History of Vampire
Vampire was built in the late 1970’s with its sister car Hellbender. Prior to this Scorpion had been constructed to prove the viability of a jet powered dragster as an additional attraction to the ‘traditional’ internal combustion powered vehicles.
Scorpion was extremely large and difficult to operate and due to its engines high power could not sit on the start line with full power. So the next two jet cars were designed as matched racing cars and were fitted with afterburners to give give much better initial acceleration. Vampire was originally painted black.
Both cars were successfully raced and demonstrated across Europe throughout the eighties. Hellbender was eventually involved in a serious accident and was immediately retired. Vampire continued to demonstrate the visceral excitement of a jet powered dragster.
Vampire changed ownership in the 1990’s and was re-painted yellow. During this period it achieved UK Land Speed Record status, an accolade it has retained to this day.
In 2006, during the making of a television programme it was involved in a serious accident which fortunately the driver survived.
The vehicle was then mothballed in a damaged state.
The vehicle was eventually acquired by Roy Phelps whose father had previously owned the Santa Pod Raceway in Rushden, Northamptonshire. Roy was involved with the original build of the vehicle and still retained the original body moulds. Roy and his son spent a considerable amount of time and effort in repairing the damaged chassis and axles.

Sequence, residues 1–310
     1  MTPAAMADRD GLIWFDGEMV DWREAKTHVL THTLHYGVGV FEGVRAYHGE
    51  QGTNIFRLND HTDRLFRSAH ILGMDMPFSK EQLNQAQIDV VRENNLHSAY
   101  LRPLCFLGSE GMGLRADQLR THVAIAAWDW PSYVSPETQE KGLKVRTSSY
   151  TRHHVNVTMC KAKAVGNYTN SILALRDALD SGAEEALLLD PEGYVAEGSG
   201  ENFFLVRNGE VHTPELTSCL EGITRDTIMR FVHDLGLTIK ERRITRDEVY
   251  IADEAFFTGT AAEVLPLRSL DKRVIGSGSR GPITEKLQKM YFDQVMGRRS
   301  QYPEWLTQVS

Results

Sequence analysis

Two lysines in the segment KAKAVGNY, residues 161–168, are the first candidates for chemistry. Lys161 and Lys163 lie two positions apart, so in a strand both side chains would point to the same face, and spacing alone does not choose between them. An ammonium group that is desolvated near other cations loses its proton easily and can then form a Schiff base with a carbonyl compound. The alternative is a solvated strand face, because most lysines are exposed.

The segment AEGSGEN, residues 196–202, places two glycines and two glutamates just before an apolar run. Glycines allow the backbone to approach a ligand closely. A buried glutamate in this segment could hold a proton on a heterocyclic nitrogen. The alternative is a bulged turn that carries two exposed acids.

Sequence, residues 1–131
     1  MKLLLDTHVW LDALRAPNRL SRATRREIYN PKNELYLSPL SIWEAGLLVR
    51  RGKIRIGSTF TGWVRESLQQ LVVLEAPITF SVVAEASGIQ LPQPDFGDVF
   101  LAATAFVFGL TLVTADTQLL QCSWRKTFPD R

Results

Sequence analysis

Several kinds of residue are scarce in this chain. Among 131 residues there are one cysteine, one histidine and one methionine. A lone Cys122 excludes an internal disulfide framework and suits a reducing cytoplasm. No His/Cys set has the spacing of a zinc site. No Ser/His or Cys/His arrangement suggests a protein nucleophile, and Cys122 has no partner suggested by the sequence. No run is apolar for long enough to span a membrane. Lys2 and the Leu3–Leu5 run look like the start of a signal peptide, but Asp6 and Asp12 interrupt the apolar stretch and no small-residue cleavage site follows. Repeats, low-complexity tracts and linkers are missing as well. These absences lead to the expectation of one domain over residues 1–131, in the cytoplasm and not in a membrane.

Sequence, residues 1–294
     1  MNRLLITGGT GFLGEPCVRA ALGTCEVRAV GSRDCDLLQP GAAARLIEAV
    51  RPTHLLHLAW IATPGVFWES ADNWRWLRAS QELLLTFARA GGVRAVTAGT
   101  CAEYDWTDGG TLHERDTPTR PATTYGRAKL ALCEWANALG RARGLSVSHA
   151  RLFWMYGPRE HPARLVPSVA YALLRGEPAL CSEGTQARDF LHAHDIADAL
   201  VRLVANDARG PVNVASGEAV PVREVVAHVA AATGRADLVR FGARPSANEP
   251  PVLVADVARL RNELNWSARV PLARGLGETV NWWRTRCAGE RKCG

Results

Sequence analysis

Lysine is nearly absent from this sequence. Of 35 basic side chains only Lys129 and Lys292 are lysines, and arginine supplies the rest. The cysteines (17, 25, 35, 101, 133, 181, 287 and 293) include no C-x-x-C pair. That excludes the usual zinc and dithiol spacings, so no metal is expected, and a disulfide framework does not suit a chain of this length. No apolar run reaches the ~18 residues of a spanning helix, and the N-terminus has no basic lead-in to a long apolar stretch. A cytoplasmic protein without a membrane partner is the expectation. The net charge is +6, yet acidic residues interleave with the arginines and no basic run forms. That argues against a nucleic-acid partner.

Work and other commitments meant that further restoration ceased and the vehicle was stored at Roys home for a period of time.
In October 2019 the vehicle was purchased by a group of individuals from the Bromyard, Herefordshire area and work commenced on a full restoration.
Fortunately we knew the original Race Engineer and Driver of the car (Kieran Westerman and Andrew Hurdle) and they were extremely supportive in helping us restore the vehicle over the many 100’s of hours that lay ahead.
We estimate that over 50 people gave their time, support and expertise during the restoration process and we would like to extend our thanks and gratitude to them all.
Restoration of Vampire
When the vehicle first arrived in Bromyard the basic chassis was intact but serviceable items like the suspension, brakes and steering would need attention. The engine and its fuel system also required a detailed, systematic investigation and it quickly became apparent that the fuelling and ignitions systems would need a complex and complicated program of replacement and refurbishment.
The vehicle was relocated to a local workshop (thanks Massie and Tracy) and a strip down programme began.
Eventually we got to the point where new and repaired body panels, courtesy of Roy Phelps, could be fitted to the car and at last it was starting to look like a jet powered dragster again!